Ojai North Mark Morris’s adaptation of Stravinsky’s “Rite of Spring,” with its dancers dressed as devotees of alternative cultures, had its world debut at the University of California, Berkeley, last week.
BERKELEY, Calif. — Mark Morris, the first dance figure to be artistic director of the annual Ojai Festival, has chosen a repertory that largely emphasizes American composers: notably, Henry Cowell, John Cage and Lou Harrison. In Ojai, Calif., Mr. Morris’s dancers performed a selection of the works he has made to their music over the decades; he also conducted concerts.
But the one new dance he created — for the second part of the festival, known as Ojai North and occurring on the University of California campus here — was to Stravinsky’s “Rite of Spring.” This piece, “Spring, Spring, Spring,” had its world premiere on Wednesday at Hertz Hall. On Thursday, in a public interview with the writer Wendy Lesser before the second performance, he said that it was an accident he had turned to this score on the occasion of its centenary. He knew and wanted to collaborate with the jazz trio the Bad Plus, whose pianist, Ethan Iverson, used to be his musical director. The trio first performed “On Sacred Ground,” its jazz adaptation of “Rite,” two years ago and played it in concert on the first day of the main Ojai Festival, on June 6.
At the performances of the new dance, the Bad Plus played its version on the Hertz Hall audience’s left-hand side. The jazz rendition makes few departures from Stravinsky’s score; in most respects it’s an electrifying and remarkably close transcription. There are several hair-raising effects: the bassist Reid Anderson plays pizzicato trills that sound like a transposed balalaika; David King, percussionist, produces high-squeaking hums by stroking slow circles around the surface of his cymbal; and on piano Mr. Iverson isolates separate ideas, sonorities and rhythms in his left and right hands as if he were at least two instrumentalists.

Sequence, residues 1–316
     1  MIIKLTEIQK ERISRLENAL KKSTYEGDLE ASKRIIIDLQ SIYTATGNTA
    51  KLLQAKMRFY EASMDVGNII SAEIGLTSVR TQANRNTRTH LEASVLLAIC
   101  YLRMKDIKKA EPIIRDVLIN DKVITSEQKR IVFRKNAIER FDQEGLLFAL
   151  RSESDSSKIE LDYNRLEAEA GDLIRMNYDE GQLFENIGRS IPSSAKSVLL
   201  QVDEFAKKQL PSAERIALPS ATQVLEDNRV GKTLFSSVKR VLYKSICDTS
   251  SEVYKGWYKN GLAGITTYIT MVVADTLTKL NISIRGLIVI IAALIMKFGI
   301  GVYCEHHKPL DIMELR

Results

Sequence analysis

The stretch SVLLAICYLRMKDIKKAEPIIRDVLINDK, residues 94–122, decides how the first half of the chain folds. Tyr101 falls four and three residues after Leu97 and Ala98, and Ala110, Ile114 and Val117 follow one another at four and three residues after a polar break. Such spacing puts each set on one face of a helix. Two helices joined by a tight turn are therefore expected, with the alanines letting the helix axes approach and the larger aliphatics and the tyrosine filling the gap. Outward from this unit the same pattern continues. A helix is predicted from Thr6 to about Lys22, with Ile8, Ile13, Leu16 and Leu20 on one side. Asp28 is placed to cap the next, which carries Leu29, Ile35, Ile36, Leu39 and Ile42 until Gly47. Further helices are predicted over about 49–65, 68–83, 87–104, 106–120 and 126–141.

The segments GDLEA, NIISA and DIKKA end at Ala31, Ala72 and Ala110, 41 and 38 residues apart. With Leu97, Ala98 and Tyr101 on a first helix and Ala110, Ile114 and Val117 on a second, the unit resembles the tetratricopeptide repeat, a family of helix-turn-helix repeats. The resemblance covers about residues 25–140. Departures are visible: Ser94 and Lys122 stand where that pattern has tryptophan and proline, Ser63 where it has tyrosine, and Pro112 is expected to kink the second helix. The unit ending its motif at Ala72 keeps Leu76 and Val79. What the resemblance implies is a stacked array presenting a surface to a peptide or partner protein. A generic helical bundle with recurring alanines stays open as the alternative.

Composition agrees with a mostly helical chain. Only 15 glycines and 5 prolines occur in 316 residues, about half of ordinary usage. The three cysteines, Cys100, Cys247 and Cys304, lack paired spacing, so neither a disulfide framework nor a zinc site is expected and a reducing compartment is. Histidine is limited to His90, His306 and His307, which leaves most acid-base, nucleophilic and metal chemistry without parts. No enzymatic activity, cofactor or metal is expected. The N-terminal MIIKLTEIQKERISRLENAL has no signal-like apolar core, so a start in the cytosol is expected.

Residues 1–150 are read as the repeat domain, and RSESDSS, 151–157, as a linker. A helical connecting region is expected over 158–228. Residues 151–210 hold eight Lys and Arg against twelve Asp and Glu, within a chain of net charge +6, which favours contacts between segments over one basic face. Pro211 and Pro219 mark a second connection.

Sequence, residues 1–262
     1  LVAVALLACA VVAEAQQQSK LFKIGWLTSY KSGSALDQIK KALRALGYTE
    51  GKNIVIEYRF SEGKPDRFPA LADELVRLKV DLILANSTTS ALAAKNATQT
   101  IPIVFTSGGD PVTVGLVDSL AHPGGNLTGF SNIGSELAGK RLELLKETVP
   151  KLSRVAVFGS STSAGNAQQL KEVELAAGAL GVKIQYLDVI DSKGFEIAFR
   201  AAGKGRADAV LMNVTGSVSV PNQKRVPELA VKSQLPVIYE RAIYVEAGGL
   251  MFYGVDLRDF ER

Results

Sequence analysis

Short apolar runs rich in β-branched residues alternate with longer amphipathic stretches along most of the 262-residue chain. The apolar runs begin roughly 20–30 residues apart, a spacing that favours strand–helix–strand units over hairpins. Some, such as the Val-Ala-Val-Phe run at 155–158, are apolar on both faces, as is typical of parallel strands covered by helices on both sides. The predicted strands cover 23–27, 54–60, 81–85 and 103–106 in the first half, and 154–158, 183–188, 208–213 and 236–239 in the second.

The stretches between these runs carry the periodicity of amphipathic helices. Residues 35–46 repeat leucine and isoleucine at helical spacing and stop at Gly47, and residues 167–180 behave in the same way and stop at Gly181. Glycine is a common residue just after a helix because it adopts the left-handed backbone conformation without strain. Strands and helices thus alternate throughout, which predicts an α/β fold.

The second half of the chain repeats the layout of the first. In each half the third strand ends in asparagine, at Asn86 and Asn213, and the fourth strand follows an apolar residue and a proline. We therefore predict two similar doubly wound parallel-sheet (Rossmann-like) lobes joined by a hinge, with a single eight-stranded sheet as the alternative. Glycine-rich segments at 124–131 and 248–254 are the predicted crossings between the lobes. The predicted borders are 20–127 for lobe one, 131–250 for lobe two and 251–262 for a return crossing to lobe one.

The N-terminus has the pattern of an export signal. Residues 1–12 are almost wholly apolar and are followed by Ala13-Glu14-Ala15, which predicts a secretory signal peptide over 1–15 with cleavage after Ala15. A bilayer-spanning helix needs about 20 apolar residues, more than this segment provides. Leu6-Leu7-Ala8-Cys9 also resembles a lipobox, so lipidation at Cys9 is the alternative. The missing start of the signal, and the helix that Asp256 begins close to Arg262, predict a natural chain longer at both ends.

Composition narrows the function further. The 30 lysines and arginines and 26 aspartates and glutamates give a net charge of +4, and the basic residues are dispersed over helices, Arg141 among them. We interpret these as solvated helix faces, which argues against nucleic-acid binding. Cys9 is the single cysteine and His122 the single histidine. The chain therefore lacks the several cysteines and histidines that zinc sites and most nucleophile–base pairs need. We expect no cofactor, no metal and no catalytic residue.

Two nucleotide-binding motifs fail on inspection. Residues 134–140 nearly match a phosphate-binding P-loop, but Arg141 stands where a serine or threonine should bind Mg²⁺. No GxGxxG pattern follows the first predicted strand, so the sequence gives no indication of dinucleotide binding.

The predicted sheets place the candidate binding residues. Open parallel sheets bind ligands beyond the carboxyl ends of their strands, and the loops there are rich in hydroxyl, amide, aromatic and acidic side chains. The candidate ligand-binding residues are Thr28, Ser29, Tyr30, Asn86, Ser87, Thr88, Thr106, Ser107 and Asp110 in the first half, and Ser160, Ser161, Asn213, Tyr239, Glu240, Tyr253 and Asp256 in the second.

The music begins with a five-minute recorded overture, played in complete darkness. Then lights suddenly come on; the Bad Plus, live, continues the score, and the dancers take the stage. The music concludes with not Stravinsky’s usual brisk anticlimax but with a more prolonged suggestion of chaos, a quotation from the trio’s own “Physical Cities.”
Mr. Morris’s dance begins to give us a latter-day American answer to the score’s original Russian primitivist scenario. Barefoot, his dancers are dressed (by Elizabeth Kurtzman) to look like Californian devotees of alternative cultures. The women, wearing flower garlands in their hair and two-toned (white and saffron) calf-length smocks, might be followers of Isadora Duncan (who came from the Bay Area) and 1960s flower power. The men, bare-chested in brightly colored jeans with vine leaves in their hair, might be Berkeley student rebels of the 1960s. Mr. Morris, bearded, wore vine leaves in his hair and red clothes when he took bows.